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Freedom of Religion: Definition, Amendment & Rights

Instructor: Dustin Parrett
In this lesson we explore the freedom of religion. We uncover what it means, where it is found in the First Amendment, and what rights this gives us today.

Definition

Imagine living in a country where going to church on Sunday is considered a crime. Or, imagine this: Not going to church is a crime and the only church you can go to is the official church of the government. This probably sounds crazy because these scenarios would never happen here. And they don't happen here because of the freedom of religion .

The freedom of religion means that you may practice any religion you choose and that the government may not force you to participate in a religion. This means that the government can't stop you from going to whichever church you may want to go to, but it can't create an official religion, either. In fact, the government is supposed to avoid religious matters all together.

The freedom of religion is protected by the First Amendment of the Constitution. The First Amendment says 'Congress shall make no law respecting an establishment of religion, or prohibiting the free exercise thereof…' Even though it sounds simple and straightforward, there has been a lot of debate over it.

The text of the First Amendment to the Constitution.
The text of the First Amendment to the Constitution.

History

The freedom of religion was important enough to be included in the Constitution, but why was this an issue in the first place?

It used to be common for countries to have official religions. Members of the government had to be part of the official church. Laws that affected these countries were often designed by the church. People who belonged to a different religion or disagreed with the official religion could be persecuted.

In fact, many people moved to the American colonies because of this religious persecution. They had lived in countries that had an official religion, and they wanted to practice a different one. When the American government was formed, many people were worried that the government would have an official religion just like the others.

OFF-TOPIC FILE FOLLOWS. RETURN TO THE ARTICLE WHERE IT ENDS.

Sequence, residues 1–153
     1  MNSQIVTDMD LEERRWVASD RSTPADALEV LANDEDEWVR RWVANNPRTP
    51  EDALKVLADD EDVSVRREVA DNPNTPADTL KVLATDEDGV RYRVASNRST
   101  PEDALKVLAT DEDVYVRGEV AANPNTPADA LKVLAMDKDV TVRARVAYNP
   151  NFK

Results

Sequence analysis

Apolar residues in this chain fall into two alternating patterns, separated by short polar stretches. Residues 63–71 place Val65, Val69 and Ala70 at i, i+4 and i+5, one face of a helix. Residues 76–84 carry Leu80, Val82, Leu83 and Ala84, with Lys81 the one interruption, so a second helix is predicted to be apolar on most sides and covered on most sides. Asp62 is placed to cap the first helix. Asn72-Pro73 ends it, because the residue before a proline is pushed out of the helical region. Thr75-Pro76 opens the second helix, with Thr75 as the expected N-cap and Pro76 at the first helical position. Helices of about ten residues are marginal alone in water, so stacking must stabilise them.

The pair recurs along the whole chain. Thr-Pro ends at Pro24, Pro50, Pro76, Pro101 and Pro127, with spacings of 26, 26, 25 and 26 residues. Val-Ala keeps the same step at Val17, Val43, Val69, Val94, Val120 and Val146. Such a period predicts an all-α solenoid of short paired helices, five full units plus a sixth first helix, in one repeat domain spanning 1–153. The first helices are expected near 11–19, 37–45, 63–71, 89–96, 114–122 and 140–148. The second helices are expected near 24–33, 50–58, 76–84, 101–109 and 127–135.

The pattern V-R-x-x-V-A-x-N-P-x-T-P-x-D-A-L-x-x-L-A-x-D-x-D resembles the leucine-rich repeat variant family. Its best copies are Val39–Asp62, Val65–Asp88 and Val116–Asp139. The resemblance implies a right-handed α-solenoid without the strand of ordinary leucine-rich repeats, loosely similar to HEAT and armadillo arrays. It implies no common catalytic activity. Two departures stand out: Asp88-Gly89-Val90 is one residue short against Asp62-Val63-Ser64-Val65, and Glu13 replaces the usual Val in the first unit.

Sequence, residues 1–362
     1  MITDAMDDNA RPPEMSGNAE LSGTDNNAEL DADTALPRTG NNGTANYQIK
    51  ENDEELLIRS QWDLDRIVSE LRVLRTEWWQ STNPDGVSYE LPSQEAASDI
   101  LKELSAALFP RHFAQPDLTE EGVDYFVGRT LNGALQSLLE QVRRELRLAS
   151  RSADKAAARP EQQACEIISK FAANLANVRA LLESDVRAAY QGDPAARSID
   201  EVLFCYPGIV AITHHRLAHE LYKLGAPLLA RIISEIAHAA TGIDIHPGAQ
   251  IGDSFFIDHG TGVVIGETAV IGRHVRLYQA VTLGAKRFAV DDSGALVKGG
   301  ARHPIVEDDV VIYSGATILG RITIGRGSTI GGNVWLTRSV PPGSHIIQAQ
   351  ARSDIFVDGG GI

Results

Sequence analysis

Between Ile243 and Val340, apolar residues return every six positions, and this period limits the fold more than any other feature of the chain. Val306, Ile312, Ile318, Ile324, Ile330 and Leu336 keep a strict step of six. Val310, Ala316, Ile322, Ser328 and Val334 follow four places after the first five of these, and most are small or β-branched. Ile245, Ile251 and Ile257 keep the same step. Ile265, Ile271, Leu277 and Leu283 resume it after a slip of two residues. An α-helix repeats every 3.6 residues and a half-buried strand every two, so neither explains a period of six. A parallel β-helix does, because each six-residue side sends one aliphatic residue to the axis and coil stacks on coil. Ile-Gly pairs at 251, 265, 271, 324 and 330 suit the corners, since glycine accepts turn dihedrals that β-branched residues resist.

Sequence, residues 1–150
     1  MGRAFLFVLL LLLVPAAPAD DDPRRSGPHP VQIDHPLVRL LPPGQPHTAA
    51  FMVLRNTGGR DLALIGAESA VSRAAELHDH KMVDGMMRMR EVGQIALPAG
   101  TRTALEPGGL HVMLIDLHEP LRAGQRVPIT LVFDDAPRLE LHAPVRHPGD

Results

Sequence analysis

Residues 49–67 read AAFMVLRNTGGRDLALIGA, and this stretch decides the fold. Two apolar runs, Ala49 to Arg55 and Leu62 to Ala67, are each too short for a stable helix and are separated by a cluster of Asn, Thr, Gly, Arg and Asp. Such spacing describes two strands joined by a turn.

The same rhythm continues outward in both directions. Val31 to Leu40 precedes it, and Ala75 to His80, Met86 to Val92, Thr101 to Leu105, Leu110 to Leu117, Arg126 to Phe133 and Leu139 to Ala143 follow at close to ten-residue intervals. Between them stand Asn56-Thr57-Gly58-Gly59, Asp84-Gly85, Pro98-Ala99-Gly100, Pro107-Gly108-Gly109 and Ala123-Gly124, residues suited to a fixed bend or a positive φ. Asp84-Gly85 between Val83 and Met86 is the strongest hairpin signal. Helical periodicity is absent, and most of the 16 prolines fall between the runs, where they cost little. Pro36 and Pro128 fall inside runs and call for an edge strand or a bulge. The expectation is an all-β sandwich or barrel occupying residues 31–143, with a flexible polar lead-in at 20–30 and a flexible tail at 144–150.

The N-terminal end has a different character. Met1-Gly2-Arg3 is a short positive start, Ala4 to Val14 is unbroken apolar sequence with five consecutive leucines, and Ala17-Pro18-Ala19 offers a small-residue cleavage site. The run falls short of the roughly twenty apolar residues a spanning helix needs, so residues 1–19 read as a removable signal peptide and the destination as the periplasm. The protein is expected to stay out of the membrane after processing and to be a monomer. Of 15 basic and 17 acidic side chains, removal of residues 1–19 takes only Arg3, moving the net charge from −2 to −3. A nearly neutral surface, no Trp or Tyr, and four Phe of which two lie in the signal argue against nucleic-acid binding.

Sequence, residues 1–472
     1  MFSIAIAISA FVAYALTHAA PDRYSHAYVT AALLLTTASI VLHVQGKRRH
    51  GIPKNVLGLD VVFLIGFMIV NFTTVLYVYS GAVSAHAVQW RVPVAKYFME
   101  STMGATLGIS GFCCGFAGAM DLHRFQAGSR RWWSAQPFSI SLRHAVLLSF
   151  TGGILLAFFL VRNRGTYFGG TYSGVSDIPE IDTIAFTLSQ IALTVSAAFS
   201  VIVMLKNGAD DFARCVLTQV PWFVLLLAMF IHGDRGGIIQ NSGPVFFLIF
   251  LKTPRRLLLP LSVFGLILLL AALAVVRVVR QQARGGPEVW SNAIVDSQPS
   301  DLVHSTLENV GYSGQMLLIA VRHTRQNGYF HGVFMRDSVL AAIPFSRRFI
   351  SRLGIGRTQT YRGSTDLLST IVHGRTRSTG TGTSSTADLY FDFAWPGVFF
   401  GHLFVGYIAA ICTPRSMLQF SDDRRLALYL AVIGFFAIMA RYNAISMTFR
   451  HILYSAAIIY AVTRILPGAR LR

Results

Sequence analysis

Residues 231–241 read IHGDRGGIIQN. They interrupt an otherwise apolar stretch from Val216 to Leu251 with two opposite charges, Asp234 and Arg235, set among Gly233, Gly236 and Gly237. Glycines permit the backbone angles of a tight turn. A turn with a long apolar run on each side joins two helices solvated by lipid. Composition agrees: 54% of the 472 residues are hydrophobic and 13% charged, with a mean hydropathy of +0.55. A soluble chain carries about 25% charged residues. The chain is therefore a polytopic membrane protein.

Others feared that an official religion could lead to tyranny, like they saw in other countries. They didn't want a church to be creating laws; they wanted the citizens to do that. To keep this from happening, the First Amendment included the freedom of religion and allowed people to practice their religions freely.

The Establishment Clause

The part of the First Amendment that says 'Congress shall make no law respecting an establishment of religion' is known as the Establishment Clause. The meaning of the Establishment Clause has been a source of debate throughout American history. Many believe it upholds the idea of the separation of church and state: that the government should stay completely out of religious business.

Others have felt that the Establishment Clause simply keeps the government from creating an official religion, but that the government can still be involved in religious activities. A popular debate concerning the Establishment Clause involves signs containing religious scripture on government buildings. For example, does posting the Ten Commandments on a courthouse wall violate the Establishment Clause of the First Amendment?

These debates are still going on. However, a few things are clear. The government can't have an official religion and the government can't favor one religion over another.

The Free Exercise Clause

The part of the First Amendment that says 'or prohibiting the free exercise thereof' is commonly referred to as the Free Exercise Clause. This sounds pretty simple, right? The government can't stop you from practicing your religion.

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